One year after the passage of Dodd-Frank's provisions on swap regulation absolutely nothing has been implemented. And judging by the just announced yet another 6 month delay of rule implementation, it now appears pretty much certain that the $600 billion derivatives market will never be actually regulated, courtesy of conflicted interests at the CFTC. "The U.S. Commodity Futures Trading Commission proposed delaying rules for the huge derivatives market that had been automatically set to go into effect on July 16. One year after the passage of the Dodd-Frank financial overhaul that ordered a crack-down on the $600 trillion derivatives market, regulators have not been able to meet the deadline for translating the legislation into specific provisions. That prompted the CFTC on Tuesday to propose delaying some of the so-called "self-executing" rules until as late as the end of the year." After all, it is the CFTC's sworn duty to do anything to help the poor OTC traders who may experience a modest drop to their multi-million year end bonuses if profit margins are cut into by regulatory intervention: "Traders had feared that billions of dollars in transactions might suddenly fall into legal limbo. Without relief from the CFTC, a delay could have caused those contracts to lose the legal protection afforded them by a clause in the Commodity Futures Modernization Act of 2000 that created a framework that stated they were not illegal off-exchange futures." But lest someone suspect the fine upstanding gentlemen at the CFTC led by former Goldman Sachs employee Gary Gensler who has absolutely no interest in seeing his old firm continue along the confines of the status quo (very much like that other form Goldmanite Hank Paulson), the CFTC did provide this brilliant clarification: "The temporary relief proposals have "nothing to do with any outside pressure one way or the other to extend the rule-making or the effective date," a CFTC staff member said." Well, if they say so, it must be true.
More on why absolutely nothing will ever change until the next blow up which since it is backstopped by every central bank in the world, will be the very last one. From Reuters:
Those granted temporary relief from the new guidelines include transactions in exempt or excluded markets -- primarily in financial, energy and metals -- as well as measures that do not require rule-making but refer to terms such as swap, swap dealer or major swap participants that must be further defined by regulators.
"The exemptive relief that's being granted by the Commission would allow virtually all the same types of transactions conducted now to continue during this period," a CFTC staff member told reporters ahead of an agency meeting.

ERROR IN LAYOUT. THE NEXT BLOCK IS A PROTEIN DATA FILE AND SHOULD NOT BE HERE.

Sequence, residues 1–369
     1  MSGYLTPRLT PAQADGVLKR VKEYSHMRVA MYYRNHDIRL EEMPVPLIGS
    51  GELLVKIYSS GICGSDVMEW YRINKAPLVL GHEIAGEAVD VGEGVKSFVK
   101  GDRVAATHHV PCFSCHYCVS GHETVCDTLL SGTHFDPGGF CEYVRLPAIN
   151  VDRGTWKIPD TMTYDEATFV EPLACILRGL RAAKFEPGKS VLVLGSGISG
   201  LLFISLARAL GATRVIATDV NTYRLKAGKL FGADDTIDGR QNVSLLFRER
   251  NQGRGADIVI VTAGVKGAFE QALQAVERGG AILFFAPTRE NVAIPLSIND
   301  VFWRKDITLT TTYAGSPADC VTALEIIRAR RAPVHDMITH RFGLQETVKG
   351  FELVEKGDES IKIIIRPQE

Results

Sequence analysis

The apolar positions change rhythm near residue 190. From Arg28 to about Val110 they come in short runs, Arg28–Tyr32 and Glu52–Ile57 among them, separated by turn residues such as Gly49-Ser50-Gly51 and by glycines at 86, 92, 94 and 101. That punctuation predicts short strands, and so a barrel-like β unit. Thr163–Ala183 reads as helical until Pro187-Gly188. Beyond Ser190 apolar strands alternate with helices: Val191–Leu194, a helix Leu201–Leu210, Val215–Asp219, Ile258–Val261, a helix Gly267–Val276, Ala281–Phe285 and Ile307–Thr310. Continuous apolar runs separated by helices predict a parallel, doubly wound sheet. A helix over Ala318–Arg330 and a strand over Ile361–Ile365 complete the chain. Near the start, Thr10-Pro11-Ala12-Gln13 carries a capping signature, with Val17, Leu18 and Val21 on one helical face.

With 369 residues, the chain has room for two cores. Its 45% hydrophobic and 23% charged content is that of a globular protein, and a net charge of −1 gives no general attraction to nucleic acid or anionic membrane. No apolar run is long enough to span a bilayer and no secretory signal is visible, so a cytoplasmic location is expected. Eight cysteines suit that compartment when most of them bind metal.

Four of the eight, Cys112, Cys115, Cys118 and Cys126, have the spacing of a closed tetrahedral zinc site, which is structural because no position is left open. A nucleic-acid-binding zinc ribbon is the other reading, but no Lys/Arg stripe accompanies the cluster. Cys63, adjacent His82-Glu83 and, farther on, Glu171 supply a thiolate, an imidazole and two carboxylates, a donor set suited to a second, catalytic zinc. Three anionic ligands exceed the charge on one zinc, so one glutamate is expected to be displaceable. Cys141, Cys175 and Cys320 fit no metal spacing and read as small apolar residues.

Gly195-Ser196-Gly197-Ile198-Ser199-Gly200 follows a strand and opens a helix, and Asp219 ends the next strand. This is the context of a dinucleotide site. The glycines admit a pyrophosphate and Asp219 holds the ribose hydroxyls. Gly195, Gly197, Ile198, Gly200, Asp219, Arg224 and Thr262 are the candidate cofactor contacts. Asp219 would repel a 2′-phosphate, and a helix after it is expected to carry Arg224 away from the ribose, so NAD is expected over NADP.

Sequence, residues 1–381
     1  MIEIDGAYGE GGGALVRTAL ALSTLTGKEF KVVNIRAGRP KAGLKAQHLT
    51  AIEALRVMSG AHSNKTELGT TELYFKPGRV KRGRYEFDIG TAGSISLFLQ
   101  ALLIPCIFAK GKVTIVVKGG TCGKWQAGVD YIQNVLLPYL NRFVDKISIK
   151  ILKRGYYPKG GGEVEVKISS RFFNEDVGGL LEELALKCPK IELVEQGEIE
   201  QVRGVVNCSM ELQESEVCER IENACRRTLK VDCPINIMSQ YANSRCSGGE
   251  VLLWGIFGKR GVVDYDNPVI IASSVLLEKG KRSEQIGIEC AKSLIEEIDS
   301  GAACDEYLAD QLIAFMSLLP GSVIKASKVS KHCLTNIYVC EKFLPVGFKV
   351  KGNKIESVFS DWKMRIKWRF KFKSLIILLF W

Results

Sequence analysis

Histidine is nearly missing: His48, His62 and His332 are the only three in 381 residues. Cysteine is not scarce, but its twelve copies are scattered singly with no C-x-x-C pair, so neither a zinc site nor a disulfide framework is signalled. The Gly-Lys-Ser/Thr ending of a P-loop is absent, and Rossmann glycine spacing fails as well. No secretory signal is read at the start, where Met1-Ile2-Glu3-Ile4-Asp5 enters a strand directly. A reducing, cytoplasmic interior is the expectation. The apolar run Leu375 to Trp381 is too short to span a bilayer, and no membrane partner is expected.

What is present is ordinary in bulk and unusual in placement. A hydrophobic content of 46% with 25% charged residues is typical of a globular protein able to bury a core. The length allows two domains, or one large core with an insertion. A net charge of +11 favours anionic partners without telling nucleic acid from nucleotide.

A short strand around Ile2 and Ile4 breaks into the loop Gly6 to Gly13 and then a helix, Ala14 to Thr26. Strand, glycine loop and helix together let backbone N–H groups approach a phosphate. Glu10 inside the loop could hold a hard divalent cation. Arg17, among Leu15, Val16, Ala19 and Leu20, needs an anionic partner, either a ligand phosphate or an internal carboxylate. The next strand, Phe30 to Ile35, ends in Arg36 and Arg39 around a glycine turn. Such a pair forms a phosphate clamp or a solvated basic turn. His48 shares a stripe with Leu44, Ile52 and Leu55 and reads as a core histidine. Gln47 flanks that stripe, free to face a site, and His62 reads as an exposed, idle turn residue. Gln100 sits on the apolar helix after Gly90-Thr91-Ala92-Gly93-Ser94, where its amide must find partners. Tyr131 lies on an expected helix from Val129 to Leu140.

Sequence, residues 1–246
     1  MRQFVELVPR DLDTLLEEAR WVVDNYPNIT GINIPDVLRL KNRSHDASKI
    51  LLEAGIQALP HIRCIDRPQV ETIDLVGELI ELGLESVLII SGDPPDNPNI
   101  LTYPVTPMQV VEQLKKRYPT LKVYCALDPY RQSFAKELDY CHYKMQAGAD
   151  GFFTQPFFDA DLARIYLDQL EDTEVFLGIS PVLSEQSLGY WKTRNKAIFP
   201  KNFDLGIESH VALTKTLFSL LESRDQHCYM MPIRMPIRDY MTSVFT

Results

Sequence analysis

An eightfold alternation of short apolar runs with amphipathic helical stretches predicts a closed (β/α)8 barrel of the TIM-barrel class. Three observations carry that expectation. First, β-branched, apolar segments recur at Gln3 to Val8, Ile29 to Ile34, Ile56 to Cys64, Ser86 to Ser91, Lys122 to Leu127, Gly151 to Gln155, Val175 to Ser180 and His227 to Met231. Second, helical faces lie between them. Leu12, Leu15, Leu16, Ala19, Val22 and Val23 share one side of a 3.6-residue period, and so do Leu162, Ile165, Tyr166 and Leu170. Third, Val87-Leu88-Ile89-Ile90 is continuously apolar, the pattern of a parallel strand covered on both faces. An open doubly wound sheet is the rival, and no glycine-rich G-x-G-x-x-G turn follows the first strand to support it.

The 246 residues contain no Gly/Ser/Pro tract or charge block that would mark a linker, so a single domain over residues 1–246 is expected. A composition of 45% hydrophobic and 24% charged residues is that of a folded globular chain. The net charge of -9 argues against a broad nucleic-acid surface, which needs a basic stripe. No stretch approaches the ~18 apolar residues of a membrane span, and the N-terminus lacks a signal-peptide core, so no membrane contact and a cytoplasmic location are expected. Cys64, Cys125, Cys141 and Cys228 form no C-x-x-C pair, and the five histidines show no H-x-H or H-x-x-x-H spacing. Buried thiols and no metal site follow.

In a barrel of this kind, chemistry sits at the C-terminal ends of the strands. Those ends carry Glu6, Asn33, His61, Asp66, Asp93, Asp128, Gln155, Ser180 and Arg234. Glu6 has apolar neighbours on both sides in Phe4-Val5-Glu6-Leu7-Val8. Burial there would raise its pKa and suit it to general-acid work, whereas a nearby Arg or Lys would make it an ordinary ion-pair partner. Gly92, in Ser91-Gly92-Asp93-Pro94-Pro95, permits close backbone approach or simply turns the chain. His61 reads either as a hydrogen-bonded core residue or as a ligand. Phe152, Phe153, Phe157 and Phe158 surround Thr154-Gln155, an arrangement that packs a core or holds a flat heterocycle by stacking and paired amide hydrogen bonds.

The relief measures became necessary after the CFTC said it would miss the July 16 deadline to write regulations for the over-the-counter derivatives market.
The delay risked a legal void for trades that would be caught between the current regulatory framework, which ends next month, and and not yet offered protection under as-yet unfinished new rules.
Mutually Assured Destruction is here again:
Without some type of short-term fix until the new rules are in effect, Wall Street investors worried the market would be thrown into chaos, casting doubt on the legality of derivatives trading and stoking fears of dried-up liquidity and an exodus to offshore trading.
The exemptions, which are open to a 14-day public comment, would last through Dec. 31, unless the rules go into effect first. The temporary relief would not apply to measures already in effect, or on futures contracts, options on futures, or transactions by retail customers in foreign currency or other commodities.
We are happy to bet any amount of single ply toilet dollars that come December 31, absolutely nothing will change, and the CFTC will indicate that traders are horrified of the market destrcution that would ensue should a 2 year old law (at that point) be finally enforced:
"Six months will provide the Commission with the opportunity to re-examine the status of final rule making in light of the changed regulatory landscape at the time," said CFTC Chairman Gary Gensler at the agency's meeting on Tuesday.
The CFTC said the proposals "provide the needed clarity for market participants" and should address any legal concerns for swaps beginning on July 16. Still, some industry watchers questioned whether the CFTC has enough legal power to propose these measures.
And with Republican now at the helm, expect deregulation (even with regulation effectively at zero as is), to become the name of the game:
The first comprehensive U.S. regulation of the swaps market is on track to be implemented this year, but Republican lawmakers have introduced legislation to slow down the process.
The temporary relief proposals have "nothing to do with any outside pressure one way or the other to extend the rule-making or the effective date," a CFTC staff member said.
And the punchline is that Wall Street which ultimately pushed so hard for this first of many delays, now blames the CFTC:
Wall Street banks and major market players have said they are equipped to comply with derivatives reforms, but accused U.S. regulators of dragging their feet on clarifying how and when they will go into effect.
In other news, let the rape and pillage of the global middle class continue. After all, that is the status quo.